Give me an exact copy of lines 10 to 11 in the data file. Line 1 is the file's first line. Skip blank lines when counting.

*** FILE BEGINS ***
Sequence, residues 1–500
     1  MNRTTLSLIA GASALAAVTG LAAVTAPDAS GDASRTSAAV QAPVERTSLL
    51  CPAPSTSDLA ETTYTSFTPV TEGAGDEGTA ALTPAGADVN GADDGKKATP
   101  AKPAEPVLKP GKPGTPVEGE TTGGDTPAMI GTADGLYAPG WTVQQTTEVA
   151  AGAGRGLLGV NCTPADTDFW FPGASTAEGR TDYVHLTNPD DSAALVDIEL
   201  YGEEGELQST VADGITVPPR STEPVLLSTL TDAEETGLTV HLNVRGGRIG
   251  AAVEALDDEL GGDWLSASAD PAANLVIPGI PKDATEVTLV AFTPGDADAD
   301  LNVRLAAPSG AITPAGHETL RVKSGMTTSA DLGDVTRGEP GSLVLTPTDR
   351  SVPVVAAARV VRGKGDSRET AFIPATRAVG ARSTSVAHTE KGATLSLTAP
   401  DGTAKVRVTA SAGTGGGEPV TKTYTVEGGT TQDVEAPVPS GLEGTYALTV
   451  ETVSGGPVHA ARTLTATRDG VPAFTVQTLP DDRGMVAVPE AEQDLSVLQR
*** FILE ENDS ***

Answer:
   401  DGTAKVRVTA SAGTGGGEPV TKTYTVEGGT TQDVEAPVPS GLEGTYALTV
   451  ETVSGGPVHA ARTLTATRDG VPAFTVQTLP DDRGMVAVPE AEQDLSVLQR